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Quit Your Job? Here's What To Do About Health Insurance

(CNN) -- Part of this story was included in a previously published story that ran on CNN Business in November.

Workers are walking away from their jobs in record numbers.

In November, 4.5 million people quit their jobs, according to data from the Labor Department released earlier this week.

And they are leaving for a variety of reasons: higher pay, better benefits, more flexible schedules, more fulfilling work, new challenges -- including starting their own business -- and they're even retiring early.

And while it's a hot market for job seekers at the moment, workers should consider the benefits they might be giving up when they leave their jobs.

A big one is employer-sponsored health insurance.

"Most employees know that their employers offer health insurance benefits, but they don't necessarily always realize how much employers subsidize the cost," Tami Simon, a corporate consulting leader at employee benefits firm Segal, told CNN Business in November.

Here's what you need to know about your health insurance options once you call it quits.

Life after work: Continuing health insurance

The Consolidated Omnibus Budget Reconciliation Act (COBRA) generally requires employers with more than 20 workers to offer a temporary extension of health coverage to former employees, typically for up to 18 months.

"Employers will sometimes subsidize the cost of COBRA, but most don't," said Simon. "And employers are permitted to charge up to 102% of the applicable premium for COBRA."

She added that employers are required to provide a COBRA notice that details an employee's rights and responsibilities, including coverage costs.

Keep in mind that getting family health insurance on the job costs workers and their employers more than $22,000 a year, on average, according to the 2021 Kaiser Family Foundation Employer Health Benefits Survey. The employee typically pays about $6,000 of the tab, while the company picks up the rest. The average annual premium for a single employee in 2021 topped $7,700 a year. The worker typically pays about $1,300, and the employer covers the remaining charge.

But under COBRA, workers are generally responsible for the entire tab.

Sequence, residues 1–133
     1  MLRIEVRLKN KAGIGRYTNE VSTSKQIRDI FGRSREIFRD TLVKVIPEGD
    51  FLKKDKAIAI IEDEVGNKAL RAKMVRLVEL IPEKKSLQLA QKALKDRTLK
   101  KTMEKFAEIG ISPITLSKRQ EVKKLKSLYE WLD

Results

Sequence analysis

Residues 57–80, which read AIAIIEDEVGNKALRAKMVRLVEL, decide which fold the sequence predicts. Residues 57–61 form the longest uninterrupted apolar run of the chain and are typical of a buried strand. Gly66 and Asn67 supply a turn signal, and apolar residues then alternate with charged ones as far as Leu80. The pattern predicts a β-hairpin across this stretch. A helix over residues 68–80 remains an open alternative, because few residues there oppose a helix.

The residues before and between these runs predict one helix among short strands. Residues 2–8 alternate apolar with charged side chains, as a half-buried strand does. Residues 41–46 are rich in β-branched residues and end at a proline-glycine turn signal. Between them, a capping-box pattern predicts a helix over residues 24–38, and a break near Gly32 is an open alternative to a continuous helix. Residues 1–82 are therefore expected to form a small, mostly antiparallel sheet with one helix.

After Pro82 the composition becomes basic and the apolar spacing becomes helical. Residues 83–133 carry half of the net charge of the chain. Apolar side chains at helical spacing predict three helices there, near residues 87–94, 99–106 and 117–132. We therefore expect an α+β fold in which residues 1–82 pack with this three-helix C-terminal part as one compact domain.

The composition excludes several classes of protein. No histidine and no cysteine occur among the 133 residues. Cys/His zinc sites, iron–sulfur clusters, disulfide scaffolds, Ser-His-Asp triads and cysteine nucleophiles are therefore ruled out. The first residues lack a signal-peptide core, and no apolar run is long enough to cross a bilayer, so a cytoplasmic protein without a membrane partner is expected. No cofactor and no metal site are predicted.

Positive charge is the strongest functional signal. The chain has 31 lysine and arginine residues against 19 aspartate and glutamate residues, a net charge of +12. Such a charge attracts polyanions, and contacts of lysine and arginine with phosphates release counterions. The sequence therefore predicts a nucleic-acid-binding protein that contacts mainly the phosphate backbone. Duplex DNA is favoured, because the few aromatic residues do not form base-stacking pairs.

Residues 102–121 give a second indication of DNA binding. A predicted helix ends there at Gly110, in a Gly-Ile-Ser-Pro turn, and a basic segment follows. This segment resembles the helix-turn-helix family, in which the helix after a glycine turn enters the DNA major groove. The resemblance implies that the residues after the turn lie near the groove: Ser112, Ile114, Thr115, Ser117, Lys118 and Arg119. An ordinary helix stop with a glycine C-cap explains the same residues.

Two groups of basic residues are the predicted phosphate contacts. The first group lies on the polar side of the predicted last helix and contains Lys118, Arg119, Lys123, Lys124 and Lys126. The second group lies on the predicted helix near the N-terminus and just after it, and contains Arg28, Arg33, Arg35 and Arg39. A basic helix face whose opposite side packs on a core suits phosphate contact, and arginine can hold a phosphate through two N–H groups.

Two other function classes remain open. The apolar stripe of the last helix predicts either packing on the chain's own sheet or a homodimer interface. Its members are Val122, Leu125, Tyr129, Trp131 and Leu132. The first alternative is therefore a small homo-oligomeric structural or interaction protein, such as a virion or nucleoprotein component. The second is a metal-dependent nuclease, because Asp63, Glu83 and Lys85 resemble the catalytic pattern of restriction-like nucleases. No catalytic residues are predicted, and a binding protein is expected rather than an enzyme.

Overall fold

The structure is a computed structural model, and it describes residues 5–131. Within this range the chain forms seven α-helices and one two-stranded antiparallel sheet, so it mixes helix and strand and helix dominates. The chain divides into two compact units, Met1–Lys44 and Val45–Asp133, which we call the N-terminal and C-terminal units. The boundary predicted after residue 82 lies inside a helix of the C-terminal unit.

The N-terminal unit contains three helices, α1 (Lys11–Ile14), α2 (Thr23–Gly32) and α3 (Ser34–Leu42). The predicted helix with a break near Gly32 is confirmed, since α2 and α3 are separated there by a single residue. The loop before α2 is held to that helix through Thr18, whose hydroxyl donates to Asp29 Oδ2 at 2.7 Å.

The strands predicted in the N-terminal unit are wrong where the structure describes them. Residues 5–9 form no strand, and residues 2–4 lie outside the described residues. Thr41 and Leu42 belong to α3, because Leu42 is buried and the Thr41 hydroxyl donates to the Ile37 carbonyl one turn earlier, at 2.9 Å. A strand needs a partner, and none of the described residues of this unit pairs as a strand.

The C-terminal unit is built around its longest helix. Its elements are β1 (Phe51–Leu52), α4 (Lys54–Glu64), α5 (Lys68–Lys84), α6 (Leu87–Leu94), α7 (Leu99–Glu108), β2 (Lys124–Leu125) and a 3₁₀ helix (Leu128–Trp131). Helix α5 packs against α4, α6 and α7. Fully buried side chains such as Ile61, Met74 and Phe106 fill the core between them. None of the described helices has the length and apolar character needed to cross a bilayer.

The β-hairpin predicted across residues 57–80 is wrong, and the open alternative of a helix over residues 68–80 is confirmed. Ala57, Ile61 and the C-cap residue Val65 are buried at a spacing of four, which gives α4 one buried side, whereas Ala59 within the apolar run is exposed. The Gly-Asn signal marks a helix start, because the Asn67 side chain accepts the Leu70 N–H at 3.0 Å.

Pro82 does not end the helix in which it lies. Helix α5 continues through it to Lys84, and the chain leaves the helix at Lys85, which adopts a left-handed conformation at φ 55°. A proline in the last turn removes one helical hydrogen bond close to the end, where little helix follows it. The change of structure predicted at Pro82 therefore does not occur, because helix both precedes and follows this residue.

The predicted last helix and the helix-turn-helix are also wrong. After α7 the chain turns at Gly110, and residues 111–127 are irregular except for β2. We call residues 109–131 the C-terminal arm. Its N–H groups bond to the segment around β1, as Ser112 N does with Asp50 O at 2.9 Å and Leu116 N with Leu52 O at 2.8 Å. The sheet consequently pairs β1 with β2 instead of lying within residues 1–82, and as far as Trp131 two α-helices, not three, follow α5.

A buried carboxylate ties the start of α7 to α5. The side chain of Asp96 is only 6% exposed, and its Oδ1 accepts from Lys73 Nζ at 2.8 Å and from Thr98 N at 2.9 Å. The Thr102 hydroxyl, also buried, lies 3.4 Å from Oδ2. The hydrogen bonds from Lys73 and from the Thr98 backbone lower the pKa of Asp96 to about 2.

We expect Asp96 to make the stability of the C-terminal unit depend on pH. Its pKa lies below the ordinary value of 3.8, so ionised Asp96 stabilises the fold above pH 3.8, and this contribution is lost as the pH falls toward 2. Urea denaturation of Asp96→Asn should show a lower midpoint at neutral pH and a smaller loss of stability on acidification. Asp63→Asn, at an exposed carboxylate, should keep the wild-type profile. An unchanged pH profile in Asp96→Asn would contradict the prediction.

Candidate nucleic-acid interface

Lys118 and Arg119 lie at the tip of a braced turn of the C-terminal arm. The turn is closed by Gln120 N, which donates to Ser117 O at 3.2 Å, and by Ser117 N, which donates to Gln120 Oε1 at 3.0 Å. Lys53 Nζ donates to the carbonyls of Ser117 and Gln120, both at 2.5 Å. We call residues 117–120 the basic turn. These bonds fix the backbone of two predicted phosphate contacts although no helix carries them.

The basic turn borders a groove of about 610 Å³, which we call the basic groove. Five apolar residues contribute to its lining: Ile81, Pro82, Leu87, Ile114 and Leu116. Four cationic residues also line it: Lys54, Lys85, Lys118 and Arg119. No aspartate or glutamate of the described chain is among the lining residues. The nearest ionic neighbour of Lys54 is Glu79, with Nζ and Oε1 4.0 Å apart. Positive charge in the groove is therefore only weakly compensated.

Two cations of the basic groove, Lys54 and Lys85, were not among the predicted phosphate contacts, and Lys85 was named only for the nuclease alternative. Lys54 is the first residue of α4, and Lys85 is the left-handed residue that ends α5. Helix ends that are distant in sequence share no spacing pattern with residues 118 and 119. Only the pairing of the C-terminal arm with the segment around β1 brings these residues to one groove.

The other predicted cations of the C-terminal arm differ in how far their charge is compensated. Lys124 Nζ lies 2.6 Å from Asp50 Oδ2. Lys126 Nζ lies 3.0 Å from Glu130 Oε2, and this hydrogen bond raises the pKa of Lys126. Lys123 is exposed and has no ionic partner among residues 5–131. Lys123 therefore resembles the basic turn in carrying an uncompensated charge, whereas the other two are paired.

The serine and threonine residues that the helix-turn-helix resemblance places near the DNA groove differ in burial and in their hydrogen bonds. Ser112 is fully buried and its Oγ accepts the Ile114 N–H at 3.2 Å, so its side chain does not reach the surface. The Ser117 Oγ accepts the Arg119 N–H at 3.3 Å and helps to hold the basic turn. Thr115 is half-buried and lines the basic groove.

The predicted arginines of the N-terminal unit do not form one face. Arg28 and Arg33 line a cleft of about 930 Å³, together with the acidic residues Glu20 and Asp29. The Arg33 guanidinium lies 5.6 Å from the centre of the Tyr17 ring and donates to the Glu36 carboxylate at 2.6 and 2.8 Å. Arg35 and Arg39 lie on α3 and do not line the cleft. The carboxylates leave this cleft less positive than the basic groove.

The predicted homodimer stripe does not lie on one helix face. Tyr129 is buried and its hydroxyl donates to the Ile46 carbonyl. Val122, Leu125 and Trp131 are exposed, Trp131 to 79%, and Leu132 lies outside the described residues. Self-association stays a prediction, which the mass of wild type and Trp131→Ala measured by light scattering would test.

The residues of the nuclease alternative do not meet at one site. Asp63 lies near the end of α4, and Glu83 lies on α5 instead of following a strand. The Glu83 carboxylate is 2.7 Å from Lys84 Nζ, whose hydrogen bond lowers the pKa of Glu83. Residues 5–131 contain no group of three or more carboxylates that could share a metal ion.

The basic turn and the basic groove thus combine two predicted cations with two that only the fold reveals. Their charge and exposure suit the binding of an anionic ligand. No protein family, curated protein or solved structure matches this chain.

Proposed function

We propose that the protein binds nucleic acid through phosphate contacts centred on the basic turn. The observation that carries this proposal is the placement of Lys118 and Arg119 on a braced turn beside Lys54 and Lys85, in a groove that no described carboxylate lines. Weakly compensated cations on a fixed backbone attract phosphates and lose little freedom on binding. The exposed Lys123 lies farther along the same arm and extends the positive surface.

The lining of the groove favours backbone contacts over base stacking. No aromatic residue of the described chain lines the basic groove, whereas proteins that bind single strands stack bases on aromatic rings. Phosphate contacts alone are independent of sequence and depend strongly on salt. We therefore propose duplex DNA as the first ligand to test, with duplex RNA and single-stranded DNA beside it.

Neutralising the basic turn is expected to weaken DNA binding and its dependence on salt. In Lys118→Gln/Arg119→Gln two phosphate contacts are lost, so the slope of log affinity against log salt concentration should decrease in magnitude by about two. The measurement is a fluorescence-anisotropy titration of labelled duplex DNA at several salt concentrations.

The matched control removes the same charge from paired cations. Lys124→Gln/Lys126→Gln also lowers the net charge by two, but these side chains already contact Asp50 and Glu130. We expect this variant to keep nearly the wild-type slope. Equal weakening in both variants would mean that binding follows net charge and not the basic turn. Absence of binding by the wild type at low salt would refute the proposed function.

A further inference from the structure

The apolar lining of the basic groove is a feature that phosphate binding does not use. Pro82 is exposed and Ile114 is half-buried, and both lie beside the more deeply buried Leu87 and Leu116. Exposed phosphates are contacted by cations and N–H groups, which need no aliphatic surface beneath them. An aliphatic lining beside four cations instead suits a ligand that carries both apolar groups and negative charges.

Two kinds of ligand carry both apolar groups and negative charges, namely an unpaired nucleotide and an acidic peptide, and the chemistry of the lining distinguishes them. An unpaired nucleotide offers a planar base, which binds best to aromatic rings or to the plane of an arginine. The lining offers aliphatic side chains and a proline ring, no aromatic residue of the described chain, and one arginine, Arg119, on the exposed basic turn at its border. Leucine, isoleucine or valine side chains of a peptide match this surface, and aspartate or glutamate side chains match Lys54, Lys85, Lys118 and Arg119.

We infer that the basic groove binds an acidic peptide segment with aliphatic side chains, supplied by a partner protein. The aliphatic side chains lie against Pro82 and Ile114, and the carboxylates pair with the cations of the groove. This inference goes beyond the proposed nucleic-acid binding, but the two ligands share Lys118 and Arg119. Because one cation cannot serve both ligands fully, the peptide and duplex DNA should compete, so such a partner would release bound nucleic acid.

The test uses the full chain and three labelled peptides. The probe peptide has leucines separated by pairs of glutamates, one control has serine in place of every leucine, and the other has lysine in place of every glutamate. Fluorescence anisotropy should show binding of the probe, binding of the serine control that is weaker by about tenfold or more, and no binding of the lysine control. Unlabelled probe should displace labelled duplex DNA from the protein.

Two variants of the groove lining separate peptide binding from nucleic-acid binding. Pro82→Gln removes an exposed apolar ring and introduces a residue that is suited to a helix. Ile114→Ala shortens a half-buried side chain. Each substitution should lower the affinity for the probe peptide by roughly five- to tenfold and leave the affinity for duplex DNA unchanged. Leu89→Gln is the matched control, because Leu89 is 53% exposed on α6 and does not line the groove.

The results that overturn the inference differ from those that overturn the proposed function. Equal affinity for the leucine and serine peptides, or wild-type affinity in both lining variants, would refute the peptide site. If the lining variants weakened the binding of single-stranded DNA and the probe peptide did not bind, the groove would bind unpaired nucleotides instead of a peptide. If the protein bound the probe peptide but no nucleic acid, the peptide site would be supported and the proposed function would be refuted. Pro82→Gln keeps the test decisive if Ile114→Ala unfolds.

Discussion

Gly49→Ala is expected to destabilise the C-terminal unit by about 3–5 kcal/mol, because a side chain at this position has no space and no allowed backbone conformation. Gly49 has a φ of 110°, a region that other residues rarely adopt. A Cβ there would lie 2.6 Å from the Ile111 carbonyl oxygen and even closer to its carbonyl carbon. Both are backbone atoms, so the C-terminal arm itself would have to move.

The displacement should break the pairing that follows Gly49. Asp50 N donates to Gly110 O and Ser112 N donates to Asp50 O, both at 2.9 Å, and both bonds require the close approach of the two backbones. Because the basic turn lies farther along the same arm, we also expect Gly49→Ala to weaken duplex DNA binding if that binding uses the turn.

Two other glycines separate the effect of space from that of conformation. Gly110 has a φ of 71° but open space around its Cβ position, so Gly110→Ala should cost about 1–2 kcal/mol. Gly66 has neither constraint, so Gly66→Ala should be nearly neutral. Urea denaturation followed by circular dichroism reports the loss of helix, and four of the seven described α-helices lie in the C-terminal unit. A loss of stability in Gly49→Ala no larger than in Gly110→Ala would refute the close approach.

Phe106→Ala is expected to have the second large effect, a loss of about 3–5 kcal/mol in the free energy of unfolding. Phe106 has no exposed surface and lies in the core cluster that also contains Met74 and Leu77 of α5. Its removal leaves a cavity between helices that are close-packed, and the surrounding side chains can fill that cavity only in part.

(The federal government had provided a COBRA premium subsidy for those who involuntarily lost their jobs and their work-based coverage, but that benefit expired at the end of September.)

Another option is to find Affordable Care Act coverage on the public health exchanges. You can review available plans on

Open enrollment for 2022 coverage runs through January 15 in most states. But those who lose their job-based policies can sign up at any time of the year, typically within 60 days of their plan's termination. The Biden administration also has made it easier to obtain coverage in 2022 through special enrollment periods.

Enrollees are eligible for more generous federal premium subsidies for 2022, as part of last year's $1.9 trillion coronavirus relief package. Four out of five consumers can find a plan for $10 or less per month after the federal assistance, according to the Department of Health and Human Services.

But without some kind of subsidy -- either from the government or from an employer -- to help you afford health insurance, purchasing it on your own can be quite costly. So consider your options before you make the decision to leave your job.

"[Health care] is a lot more expensive than people expect," Isabel Barrow, director of financial planning at Edelman Financial Engines, told CNN Business in November. "It's really important that you consider that as part of your overall budget before you leave your job."

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